The night before the funeral, one of the brothers had the idea of doing something with old photos we found in MIL's albums that we could have on display during the service. So, starting at midnight, we scanned about 30 pictures, and I Photoshopped them into a collage with a border and drop-shadow round each image. We finished this at about 2.30 am. We were up early the next morning - there were flowers to collect and the collage to be printed as large as possible and mounted on something solid. I found a shop that opened at 8.30 that could have done it had their printer been working. But it was broken. I bought some mounting board and spray-mount from them, and waited for the Kodak shop they'd recommended to open at 9 am. The guy was in there, tinkering about, but resolutely ignoring the anxious punter on the doorstep. The funeral was at 10, by the way, and I had to get this done, get back to the mansion and get changed by 9.35 latest. Miraculously, it was done in time.

After the service we all retired to a pub for lunch, after which we sat in the garden and were entertained by the sight of three illegal car-washers in the pub car park being arrested by a van full of cops who appeared out of nowhere.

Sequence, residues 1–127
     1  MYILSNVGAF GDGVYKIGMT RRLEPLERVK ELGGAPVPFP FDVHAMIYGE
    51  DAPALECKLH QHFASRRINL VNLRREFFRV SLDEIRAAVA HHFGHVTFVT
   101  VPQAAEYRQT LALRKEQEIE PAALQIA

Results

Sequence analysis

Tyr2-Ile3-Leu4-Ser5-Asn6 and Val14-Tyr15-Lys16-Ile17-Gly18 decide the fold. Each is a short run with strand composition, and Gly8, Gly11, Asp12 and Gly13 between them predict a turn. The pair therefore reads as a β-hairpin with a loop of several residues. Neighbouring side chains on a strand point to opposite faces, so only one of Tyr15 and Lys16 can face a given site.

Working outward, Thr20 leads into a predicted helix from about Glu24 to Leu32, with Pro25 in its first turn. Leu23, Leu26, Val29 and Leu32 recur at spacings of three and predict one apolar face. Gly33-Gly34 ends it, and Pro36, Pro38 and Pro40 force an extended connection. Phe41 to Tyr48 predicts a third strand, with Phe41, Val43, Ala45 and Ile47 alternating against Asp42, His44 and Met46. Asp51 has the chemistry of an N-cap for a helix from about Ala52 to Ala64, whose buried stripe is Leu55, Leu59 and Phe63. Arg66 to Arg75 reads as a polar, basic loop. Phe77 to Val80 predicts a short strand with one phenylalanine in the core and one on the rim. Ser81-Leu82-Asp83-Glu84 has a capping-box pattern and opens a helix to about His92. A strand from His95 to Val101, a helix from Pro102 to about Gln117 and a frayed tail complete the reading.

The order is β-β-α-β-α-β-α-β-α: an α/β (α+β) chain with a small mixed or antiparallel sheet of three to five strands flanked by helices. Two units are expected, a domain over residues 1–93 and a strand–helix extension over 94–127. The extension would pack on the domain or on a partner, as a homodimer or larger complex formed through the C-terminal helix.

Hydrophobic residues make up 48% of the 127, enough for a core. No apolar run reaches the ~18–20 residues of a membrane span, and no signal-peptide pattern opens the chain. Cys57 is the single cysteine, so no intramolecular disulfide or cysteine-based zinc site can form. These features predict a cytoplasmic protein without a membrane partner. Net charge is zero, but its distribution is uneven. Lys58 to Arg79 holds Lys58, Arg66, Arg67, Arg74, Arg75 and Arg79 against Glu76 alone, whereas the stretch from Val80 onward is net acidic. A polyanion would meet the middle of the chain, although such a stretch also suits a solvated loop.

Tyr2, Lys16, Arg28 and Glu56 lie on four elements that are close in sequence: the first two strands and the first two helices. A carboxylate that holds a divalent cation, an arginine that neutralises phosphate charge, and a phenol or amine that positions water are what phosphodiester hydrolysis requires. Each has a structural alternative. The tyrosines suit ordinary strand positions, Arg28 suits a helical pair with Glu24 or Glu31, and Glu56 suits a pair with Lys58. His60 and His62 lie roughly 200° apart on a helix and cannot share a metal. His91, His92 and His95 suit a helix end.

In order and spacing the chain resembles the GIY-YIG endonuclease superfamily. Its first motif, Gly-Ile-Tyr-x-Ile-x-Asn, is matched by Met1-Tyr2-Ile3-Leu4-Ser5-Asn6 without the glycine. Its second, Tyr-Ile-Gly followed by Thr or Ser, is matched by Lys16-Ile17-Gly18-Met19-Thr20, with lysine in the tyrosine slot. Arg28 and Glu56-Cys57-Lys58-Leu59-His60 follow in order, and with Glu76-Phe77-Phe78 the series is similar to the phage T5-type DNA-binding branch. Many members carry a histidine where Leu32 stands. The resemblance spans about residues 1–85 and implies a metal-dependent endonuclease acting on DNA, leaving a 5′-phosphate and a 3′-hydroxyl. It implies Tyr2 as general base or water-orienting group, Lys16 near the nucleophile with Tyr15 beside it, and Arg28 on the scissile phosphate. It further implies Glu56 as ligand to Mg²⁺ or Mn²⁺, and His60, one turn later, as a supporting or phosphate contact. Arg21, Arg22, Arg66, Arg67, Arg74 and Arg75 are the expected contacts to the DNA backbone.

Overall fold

I'll do another post later about the scattering in North Yorkshire. But this post is entitled 'Dripping', so I should really tell you about that.

There are certain things from your home country/region that you get attached to when you are an expat. Things you just cannot get wherever it is you live. For me, this includes decent teabags, yellow split peas, pearl barley, gravy granules and Oxo stock cubes. For BIL (Brother-In-Law) Bill, pork dripping is a must-have item. If you are unfamiliar with the idea of dripping, it's the fat and juicy/jelly stuff that escapes from a chunk of beef or pork when you roast it - basically like lard, but tastier. He bought four tubs from Scunthorpe market. One we consumed on toast for our breakfasts during the visit. He took one home with him, and gave one each to me and anuvver bruvver.